Chopper searching for Japanese climber crashes in Nepal

By Sudeshna Sarkar, IANS
Sunday, November 7, 2010

KATHMANDU - An aerial search and rescue operation for two Japanese climbers stranded on a Himalayan range in northeastern Nepal ended bleakly Sunday with the helicopter looking for them crashing above 16,000 ft and the pilot and his crew member reported missing.

“We are sitting in the control tower of the airport, awaiting further news,” said police sub-inspector Ram Lakhan Mahato. “Two more helicopters are scouting the area to find the men but the dust and storm is hampering rescue attempts.”

The police officer told IANS that the missing helicopter, belonging to private airline Fishtail Air, had flown to the Ama Dablam range in northern Solukhumbu district, to locate and rescue two Japanese climbers who had been stranded.

The Ama Dablam - meaning mother’s necklace - is a mountain range rising up to 22,349 feet (6,812 metres), the third most popular peak for climbers.

The chopper, flown by Nepali pilot Sabin Basnet, who was accompanied by a technician, Purna Awale, managed to rescue one of the stranded climbers, who was then taken back to the base camp. However, when it returned for the remaining climber, it is said to have crashed at around 16,500 ft while trying to land.

A private television station, quoting an official at the Phaplu airport, said both the pilot and the crew member had died in the crash.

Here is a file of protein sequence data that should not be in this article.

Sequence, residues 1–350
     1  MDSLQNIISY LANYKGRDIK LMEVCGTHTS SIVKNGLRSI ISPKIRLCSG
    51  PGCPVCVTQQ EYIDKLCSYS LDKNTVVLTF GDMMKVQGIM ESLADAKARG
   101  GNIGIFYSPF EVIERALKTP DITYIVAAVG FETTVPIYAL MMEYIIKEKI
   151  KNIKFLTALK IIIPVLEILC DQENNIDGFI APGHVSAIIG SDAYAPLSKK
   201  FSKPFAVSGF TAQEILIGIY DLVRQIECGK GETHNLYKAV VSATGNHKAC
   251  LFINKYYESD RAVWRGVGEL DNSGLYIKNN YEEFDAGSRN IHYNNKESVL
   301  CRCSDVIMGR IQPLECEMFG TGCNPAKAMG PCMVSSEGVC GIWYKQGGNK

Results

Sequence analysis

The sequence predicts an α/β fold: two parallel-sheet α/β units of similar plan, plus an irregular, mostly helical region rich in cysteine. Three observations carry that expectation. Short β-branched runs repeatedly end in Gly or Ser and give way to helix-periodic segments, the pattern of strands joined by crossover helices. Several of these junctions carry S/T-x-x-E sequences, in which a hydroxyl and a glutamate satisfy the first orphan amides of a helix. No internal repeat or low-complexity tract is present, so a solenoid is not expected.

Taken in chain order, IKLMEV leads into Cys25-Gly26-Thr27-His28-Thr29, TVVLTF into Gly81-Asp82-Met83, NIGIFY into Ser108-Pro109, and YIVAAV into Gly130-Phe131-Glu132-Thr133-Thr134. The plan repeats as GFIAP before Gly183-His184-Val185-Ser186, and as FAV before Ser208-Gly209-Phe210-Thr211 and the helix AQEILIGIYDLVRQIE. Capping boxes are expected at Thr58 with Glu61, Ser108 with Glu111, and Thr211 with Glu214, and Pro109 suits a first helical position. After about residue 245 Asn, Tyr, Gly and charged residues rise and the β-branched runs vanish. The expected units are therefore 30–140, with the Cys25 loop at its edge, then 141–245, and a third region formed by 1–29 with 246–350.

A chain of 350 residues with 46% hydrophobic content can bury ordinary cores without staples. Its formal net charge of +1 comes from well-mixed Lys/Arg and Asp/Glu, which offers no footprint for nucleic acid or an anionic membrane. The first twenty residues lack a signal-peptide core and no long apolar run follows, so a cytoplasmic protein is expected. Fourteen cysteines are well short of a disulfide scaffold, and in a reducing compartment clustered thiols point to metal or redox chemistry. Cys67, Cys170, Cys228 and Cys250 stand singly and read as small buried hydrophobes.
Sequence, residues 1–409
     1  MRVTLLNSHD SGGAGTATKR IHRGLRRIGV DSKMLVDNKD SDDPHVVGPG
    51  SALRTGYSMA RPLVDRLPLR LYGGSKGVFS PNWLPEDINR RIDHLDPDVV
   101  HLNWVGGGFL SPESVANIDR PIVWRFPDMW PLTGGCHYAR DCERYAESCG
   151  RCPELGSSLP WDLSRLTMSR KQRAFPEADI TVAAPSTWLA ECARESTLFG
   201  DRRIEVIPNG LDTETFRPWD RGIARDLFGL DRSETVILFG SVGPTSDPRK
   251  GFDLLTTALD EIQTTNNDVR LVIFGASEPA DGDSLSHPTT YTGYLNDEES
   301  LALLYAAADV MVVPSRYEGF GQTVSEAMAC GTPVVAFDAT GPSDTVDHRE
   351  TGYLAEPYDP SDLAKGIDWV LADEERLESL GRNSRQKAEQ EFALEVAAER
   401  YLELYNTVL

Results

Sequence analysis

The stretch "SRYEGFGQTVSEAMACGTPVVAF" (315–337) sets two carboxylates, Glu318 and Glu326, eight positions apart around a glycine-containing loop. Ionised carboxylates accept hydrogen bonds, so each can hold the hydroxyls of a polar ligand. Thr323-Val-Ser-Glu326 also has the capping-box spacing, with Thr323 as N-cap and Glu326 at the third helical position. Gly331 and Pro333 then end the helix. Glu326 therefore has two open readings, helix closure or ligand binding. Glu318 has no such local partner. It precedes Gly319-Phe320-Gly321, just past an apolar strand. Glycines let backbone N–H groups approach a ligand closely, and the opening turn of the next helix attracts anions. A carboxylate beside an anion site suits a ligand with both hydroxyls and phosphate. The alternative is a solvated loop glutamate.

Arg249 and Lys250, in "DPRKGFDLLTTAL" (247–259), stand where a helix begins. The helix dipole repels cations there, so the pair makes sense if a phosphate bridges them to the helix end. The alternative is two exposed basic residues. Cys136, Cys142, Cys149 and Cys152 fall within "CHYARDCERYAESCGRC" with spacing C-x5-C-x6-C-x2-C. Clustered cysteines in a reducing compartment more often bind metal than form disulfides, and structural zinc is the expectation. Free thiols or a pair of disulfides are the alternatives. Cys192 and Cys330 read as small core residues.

However, there was no immediate confirmation, either by police or Fishtail authorities.

Mahato said a helicopter owned by Dynasty Air and a second chopper flown by Fishtail were still searching for the missing chopper and its pilot and crew.

There was no further information about the second Japanese climber still stranded on Mt. Ama Dablam.

The Solukhumbu region is responsible for the highest number of air crashes due to bad weather and difficult terrain.

In August, an aircraft flown by a domestic airline, Agni Air, crashed after it was unable to land it northern Nepal and tried to return to Kathmandu.

All 14 people on board, including six foreigners, died in the crash.

Last month, three Japanese climbers were killed by an avalanche on Mt. Dhaulagiri, along with their Nepali guide.

While the body of one was recovered, the other two still remain untraced.

Filed under: Accidents and Disasters

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